Last weekend, I welcomed the arrival of Sheffield Beer Week, by visiting Indie Beer Feast. Hosted in the very special Abbeydale Picture House building, this debut event offered a unique environment to enjoy good beer, good food and good company. So, how did it do?
Abbeydale may be a familiar name amongst beer fans, certainly those in the North of England. Abbeydale Brewery is one of Sheffield’s leading breweries, having been established in 1996. The brewery had a recent investment and is capable of producing 800 casks of beer a week. Based South of Sheffield city centre, it’s also only a few streets away from the Abbeydale Picture House (there’s a name theme here!)
Abbeydale Picture House is a large, iconic building that dates back to 1920. Originally a cinema, ballroom and billiard hall (gives you an idea of the size of the building, big!), it closed in 1975. It was then used for 16 years as a furniture showroom, before becoming part of various restoration projects since 1991.
What it is today is very special, and unique. If you’re a fan of rustic, traditional buildings (think events in viaducts, in old mills), then this is perfect. Seating is in place facing forward to the stage area, which anyone was able to use for the festival. The walls had flaking paint and murals that just seeped character into this amazing building. There’s also stained-glass windows high in the roof.
In the theatre, for the event, breweries had bars set up just inside the main hall and also at the front of the stage. Towards the left of the stage, a small door took you through to a separate area. Dark, exposed brick and currently in use for an exhibition, here the food vendors were housed. As far as beer festival venues go, this is one of the most fascinating I’ve been to.
Venue aside, the event showcased some of the very best UK breweries. And, a lot of them local too. It was great to see Thornbridge there, one of my personal favourite breweries. They’d also brought with them a slightly downsized bar compared to Craft Beer Rising, but it still had the brilliant Jaipur wooden pump clip. Naturally, I had Jaipur and tried Ena, a Nitro Milk Stout which was light, smooth and creamy.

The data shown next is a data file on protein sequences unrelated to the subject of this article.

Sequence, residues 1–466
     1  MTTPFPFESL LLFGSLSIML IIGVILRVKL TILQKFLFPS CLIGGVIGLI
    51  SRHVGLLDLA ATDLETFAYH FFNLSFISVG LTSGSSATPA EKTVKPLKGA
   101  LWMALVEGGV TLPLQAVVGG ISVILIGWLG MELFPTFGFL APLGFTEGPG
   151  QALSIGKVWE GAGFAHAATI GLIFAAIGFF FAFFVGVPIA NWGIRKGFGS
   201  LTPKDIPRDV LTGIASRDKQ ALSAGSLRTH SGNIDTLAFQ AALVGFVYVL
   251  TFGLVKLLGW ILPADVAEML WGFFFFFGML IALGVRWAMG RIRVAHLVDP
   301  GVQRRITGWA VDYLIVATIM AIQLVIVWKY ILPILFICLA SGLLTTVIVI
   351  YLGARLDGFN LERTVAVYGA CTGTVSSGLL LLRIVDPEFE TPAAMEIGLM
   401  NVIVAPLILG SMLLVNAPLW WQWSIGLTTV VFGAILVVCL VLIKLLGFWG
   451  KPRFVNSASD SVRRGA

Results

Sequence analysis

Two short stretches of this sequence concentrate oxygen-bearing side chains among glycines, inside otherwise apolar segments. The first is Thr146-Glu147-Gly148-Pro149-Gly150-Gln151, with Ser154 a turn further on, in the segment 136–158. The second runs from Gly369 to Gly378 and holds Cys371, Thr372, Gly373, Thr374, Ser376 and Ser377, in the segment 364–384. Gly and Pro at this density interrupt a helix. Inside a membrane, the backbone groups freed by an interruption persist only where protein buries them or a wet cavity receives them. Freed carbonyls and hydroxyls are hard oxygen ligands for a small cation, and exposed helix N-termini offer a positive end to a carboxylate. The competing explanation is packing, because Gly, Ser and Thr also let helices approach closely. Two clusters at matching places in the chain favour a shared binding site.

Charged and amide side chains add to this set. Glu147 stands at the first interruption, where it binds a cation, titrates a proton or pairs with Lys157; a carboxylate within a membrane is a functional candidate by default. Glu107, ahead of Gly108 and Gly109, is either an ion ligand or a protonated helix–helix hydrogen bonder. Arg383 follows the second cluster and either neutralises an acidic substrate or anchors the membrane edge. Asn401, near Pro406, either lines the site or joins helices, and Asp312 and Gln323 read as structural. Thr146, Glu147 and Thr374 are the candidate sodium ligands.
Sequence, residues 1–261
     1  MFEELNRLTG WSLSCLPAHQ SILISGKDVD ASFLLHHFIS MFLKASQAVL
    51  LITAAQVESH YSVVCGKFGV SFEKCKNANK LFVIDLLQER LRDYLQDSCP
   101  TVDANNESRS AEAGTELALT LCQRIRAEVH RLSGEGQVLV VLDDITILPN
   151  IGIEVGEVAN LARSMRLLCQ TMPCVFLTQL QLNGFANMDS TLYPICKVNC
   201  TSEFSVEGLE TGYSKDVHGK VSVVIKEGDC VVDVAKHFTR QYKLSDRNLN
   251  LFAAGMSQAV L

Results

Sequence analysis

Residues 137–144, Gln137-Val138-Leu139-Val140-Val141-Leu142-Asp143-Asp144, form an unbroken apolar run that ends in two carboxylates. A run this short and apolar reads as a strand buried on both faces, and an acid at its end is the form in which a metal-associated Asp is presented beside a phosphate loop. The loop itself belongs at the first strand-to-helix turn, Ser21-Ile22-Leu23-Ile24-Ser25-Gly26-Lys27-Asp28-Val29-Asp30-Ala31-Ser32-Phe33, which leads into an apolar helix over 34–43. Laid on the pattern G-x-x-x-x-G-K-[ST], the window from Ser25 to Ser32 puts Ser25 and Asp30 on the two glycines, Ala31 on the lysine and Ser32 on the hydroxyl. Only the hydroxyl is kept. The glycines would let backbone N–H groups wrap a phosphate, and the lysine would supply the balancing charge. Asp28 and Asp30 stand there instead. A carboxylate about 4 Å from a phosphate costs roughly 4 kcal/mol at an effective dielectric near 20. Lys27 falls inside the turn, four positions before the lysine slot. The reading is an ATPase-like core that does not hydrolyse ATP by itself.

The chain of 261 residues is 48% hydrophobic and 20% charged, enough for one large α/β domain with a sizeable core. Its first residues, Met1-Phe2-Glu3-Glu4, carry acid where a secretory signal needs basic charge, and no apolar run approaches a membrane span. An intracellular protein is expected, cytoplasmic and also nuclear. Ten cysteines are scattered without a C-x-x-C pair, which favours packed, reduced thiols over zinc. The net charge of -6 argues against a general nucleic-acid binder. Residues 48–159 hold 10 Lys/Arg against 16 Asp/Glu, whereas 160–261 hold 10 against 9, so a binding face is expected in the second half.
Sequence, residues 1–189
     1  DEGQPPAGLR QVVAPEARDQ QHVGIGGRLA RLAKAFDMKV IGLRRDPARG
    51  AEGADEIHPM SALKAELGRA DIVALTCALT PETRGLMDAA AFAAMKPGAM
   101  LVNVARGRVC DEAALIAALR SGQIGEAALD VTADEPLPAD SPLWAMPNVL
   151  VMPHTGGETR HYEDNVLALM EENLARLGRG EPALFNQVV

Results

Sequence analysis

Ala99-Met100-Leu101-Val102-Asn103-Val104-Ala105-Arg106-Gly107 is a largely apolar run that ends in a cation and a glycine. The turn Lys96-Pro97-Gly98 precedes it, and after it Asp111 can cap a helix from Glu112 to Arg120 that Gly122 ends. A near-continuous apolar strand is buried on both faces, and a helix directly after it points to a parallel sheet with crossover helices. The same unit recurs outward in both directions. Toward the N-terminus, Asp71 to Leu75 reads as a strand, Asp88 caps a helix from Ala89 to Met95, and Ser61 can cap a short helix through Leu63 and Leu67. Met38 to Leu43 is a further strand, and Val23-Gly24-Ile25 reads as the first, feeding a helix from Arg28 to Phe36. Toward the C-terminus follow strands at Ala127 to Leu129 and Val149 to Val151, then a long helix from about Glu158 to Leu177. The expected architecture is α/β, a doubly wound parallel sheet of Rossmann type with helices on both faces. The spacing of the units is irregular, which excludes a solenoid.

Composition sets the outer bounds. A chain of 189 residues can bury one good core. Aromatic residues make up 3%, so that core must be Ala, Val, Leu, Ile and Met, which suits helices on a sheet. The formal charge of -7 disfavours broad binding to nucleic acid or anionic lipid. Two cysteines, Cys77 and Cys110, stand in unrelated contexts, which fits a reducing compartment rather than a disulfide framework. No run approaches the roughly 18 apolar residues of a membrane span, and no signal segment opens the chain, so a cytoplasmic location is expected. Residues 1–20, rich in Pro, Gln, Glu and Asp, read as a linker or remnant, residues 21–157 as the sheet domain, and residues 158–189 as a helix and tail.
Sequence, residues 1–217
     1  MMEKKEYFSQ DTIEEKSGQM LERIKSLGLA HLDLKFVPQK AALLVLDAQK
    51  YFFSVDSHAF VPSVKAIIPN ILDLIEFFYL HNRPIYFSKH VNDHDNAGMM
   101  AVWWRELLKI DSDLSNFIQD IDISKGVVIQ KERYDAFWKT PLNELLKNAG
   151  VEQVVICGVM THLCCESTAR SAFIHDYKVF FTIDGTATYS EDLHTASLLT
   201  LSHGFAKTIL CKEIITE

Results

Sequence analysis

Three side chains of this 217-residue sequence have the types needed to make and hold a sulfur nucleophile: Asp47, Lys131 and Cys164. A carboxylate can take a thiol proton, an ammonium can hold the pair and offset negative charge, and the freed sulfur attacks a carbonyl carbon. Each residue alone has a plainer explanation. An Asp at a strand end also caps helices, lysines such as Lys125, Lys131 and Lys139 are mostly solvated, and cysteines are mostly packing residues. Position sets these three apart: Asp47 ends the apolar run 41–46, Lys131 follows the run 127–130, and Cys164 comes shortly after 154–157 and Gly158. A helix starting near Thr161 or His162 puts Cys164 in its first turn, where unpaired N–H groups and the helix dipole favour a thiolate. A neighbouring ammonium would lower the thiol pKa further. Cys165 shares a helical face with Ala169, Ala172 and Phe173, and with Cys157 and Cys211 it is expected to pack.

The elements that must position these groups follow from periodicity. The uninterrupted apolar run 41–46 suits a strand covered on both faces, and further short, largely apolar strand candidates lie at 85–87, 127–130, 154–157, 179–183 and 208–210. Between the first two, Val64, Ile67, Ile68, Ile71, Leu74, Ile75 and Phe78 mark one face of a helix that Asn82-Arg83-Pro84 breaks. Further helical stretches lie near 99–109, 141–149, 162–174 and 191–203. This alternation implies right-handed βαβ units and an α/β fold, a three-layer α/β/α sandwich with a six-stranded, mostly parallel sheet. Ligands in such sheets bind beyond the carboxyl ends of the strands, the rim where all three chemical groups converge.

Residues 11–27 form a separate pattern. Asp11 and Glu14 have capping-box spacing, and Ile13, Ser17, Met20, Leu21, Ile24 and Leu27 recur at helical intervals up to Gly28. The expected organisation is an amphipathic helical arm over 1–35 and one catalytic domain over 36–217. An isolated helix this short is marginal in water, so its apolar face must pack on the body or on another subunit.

Away from Thornbridge, other local breweries were on hand too. Abbeydale Brewery, as you’d expect, were there. I enjoyed their Voyager IPA, which was the Sorachi, Lime and Enigma version. There was also representation from the likes of Magic Rock, North Brewing, and Vertical Drinks amongst others locally, and Mad Hatter and Fourpure amongst others from further afield.
It was great to see all bars serving thirds, halves and pints. This was one thing a bit hit and miss at Craft Beer Rising, but as someone who like to try lots of different beers, third pint measures are my go to.
Supporting the breweries were a number of great food vendors too. I didn’t have something from all of them, but Little Bao Boy was superb. And, as it turns out, also Leeds-based. I look forward to seeing more of them at other events!
Beers of the Day
I managed to work my way through a few beers, as you might expect! Here are my top three of the day. To be fair to the rest, I have excluded Jaipur from this list as it is the current number one on my Golden Pints all-time best beers list. But, it was blooming lovely.
3. Mad Hatter – Tricky Flamingo
The great name scored this one a few extra marks, but the beer was also very good. Not quite as vibrant pink as I’d hoped. This is a lager and its pink hue and fruit flavours come from raspberries. A very nice, refreshing beer.
2. Fourpure – Easy Peeler
This session IPA was laden with fruit flavours. Based on my (extensive!) experience with beers, I often find that it is the stronger beers that bring out the most flavours. But, now we’re seeing an emergence of session beers (low alcohol) that are packed with flavours. Orange fruit dominated this easily supped session beer.
1. Black Iris Brewery – Divine Elements
This American IPA is brewed with Mosaic hops. If you’ve read my other blog posts and follow me on Untappd, you’ll know where I’m going with this! A fabulously fruity beer, which was so easy to drink. This beer really showcases what mosaic hops can do in beer. Superb.
I really enjoyed this festival. Where Craft Beer Rising had been hustle and bustle, and a lot going on, this event had a much more chilled vibe to it. The venue had more than enough seating (as you’d expect for what it is!), and the organisers had created something fun and relaxed.
Perhaps the most fun thing, was watching the staff member walking round the theatre hall with an air horn in hand. Initially thinking he was about to instigate some kind of crazy party, it turns out he was the fire alarm! What a job. Although I’m not entirely sure what people would have done on hearing the air horn, other than be deafened and slightly bemused. Thankfully, at least whilst I was there, he didn’t have need to sound the alarm, despite his fire hunting vigilance!
A wonderful early event for Sheffield Beer Week, I hope this festival stays on the calendar for next year and beyond. Loved it!If you enjoy reading our content, please consider sharing with your friends using the sharing buttons at the bottom of each post. Also, you can subscribe to receive notifications about new blog posts via email. Simply enter your email address into the 'Subscribe to Mike's Tap Room' box at the top left of this page.